Essay, Pages 3 (628 words)
Let’s talk about groups – more specifically, what does group theory mean in the fire service as a firefighter? Groups influence behaviors such as whose task it is to clean the bathrooms do engine check out to ensure all tools are needed to safe a life etc. There are many aspects of group theory that play out into the daily life of a firefighter without one even realizing it.
The first theory that I will cover is groupthink.
Groupthink is a detractor from progress regarding cultural change. This is best described by John Hayes, who describes groupthink as a deterioration of mental efficiency, realty testing, and moral judgment that is the result of in-group pressure. (Hayes 2014)
This theory is hindering in the fire service because it stops the energetic, ground-breaking, and adaptive culture born from challenging common views and building new ideas – the type where we would normally bounce ideas back and forth in a trusting environment that is results oriented and rooted in the mission of life preservation.
This podium is where we will find the best solutions to practical issues, not passive acceptance to known routines. It should be a best practice when logically and actively researched as best. The source of this problem lies within our traditions and coaching. Behaviors and actions have been learned through the systems we were raised within. The leaders at the station learned from their academy instructors, captains, chiefs and other senior respected personnel at the station.
The values, norms, and way of life have been passed down for years.
Cognitive biases can be a byproduct manifested by groupthink. Cognitive biases are systematic patterns of deviations from rational judgment influenced by our social environment drawing on illogical perceptions from our experience. The mindset these opinions create is independent within our social context, and assumptions are drawn off differing aspects.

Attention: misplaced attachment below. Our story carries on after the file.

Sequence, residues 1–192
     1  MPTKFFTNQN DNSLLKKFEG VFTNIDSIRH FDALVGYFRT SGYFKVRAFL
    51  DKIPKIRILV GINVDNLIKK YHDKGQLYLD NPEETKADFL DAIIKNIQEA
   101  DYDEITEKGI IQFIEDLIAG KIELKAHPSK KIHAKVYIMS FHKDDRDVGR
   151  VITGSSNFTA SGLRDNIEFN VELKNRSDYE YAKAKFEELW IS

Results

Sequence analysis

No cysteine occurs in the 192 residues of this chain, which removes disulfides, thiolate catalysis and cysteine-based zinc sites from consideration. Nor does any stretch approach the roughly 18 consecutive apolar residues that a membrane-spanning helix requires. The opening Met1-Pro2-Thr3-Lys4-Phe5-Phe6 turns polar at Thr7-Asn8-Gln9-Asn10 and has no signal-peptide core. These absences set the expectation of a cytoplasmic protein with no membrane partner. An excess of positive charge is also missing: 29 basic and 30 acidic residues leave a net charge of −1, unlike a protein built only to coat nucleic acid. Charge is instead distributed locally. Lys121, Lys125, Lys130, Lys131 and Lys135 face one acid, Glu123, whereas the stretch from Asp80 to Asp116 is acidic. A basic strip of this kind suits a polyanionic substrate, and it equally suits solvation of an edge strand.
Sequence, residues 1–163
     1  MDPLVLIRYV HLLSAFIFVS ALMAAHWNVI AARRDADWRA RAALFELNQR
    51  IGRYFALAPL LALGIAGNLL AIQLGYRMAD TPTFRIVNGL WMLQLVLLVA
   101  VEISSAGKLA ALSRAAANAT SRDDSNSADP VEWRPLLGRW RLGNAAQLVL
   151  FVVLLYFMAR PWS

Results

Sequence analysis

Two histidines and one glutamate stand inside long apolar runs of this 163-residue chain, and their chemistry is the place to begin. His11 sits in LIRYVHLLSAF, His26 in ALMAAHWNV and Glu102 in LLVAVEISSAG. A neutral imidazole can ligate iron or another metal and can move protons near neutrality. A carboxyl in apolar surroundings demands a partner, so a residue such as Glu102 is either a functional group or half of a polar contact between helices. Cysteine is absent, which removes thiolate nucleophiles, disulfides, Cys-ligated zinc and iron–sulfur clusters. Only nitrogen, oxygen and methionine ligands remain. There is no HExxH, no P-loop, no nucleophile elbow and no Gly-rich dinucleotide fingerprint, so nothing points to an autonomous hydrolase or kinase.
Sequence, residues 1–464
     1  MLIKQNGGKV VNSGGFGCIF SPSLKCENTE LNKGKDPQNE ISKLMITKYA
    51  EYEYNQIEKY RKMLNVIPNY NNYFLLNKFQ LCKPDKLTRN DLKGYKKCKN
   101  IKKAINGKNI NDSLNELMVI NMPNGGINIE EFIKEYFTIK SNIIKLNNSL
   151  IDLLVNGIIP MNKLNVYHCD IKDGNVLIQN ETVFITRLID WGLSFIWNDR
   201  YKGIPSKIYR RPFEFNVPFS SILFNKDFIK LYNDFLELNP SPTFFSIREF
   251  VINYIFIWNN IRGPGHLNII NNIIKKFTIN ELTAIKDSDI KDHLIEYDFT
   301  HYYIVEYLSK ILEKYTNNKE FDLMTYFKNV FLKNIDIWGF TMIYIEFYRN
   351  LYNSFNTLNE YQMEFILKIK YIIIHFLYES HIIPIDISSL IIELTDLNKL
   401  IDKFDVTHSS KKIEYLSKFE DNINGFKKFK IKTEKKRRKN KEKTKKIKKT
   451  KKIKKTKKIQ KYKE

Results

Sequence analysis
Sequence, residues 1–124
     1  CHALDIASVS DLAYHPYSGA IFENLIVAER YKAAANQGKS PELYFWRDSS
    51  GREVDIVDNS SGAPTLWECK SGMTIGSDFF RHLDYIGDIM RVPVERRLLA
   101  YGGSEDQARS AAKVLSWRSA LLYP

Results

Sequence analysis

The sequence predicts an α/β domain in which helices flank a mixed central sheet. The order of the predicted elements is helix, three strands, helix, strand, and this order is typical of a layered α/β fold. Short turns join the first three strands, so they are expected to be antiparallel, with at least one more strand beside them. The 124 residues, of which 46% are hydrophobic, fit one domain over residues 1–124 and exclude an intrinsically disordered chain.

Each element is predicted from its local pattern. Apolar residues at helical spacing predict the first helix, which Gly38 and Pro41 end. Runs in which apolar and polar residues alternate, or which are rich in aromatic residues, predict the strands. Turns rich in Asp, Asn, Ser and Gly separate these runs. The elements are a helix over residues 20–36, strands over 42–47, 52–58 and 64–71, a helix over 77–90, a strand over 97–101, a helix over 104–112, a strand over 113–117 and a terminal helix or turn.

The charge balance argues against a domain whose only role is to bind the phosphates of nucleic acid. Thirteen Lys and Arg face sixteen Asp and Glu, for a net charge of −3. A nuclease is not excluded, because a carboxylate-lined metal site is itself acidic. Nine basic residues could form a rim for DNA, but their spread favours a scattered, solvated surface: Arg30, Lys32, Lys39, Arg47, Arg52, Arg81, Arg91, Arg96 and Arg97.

A cognitive bias is often reinforced if cultural influencers have a history of success. (Hayes, 2014, p.13) The bias will limit their idea to negative impacts of current actions. Where comfort and conformity rules, a level of self-belief in the cognitive bias is strengthened. The example in many fire stations highlights this issue as being one of the primary reasons that stops thing from having effective change. The bias then becomes the heavily guarded agent of our identity. Changing the bias and, therefore, the procedure can be viewed as an effort to change me. These biases can become cultural norms based on the influence of influencers promoting them.
Struggling with Change
Interpersonal matters can quickly become a barrier to cultural change if not addressed. People experience a personal transition when organizational change is encountered such as in fire fighting and joining the military. People will differ in their adaptability to such change. Some will require more support than others. The stages of personal transition include the following: awareness/shock; denial; depression; letting go; testing; consolidation, reflection learning, and internalization. (Hayes, 2014, p.269)
Firefighters struggling emotionally with organizational change may be hard to hard to understand. Many do not realize that being a fire fighter is Para military and not mentally prepared for all that goes into the training, reporting from duty as well as adapting to the schedule; working 24 hours shifts and being away from their family for sometimes months at a time.
The dangers and risks of being a fire fighter are usually normalized to the individual within the first year and the fears are usually not talked about. Failing to talk about concerns regardless of frustration levels will impact trust. A lack of trust will impede progress more than any other factor. (Hayes, 2014, p.237) In fact, those who don’t trust you will often look to sabotage your efforts. As I have witnessed firsthand.
Cite this essay
Critical Thinking in Group. (2019, Dec 03). Retrieved from https://studymoose.com/critical-thinking-in-group-essay